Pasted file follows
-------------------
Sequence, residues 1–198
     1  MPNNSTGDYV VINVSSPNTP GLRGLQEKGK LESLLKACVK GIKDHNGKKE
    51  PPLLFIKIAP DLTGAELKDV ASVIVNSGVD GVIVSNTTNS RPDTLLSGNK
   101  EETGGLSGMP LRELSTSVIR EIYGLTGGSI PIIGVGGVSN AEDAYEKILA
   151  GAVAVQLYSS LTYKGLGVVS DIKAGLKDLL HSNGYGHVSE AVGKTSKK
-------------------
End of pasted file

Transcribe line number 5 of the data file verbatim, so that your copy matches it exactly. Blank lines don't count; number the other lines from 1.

   151  GAVAVQLYSS LTYKGLGVVS DIKAGLKDLL HSNGYGHVSE AVGKTSKK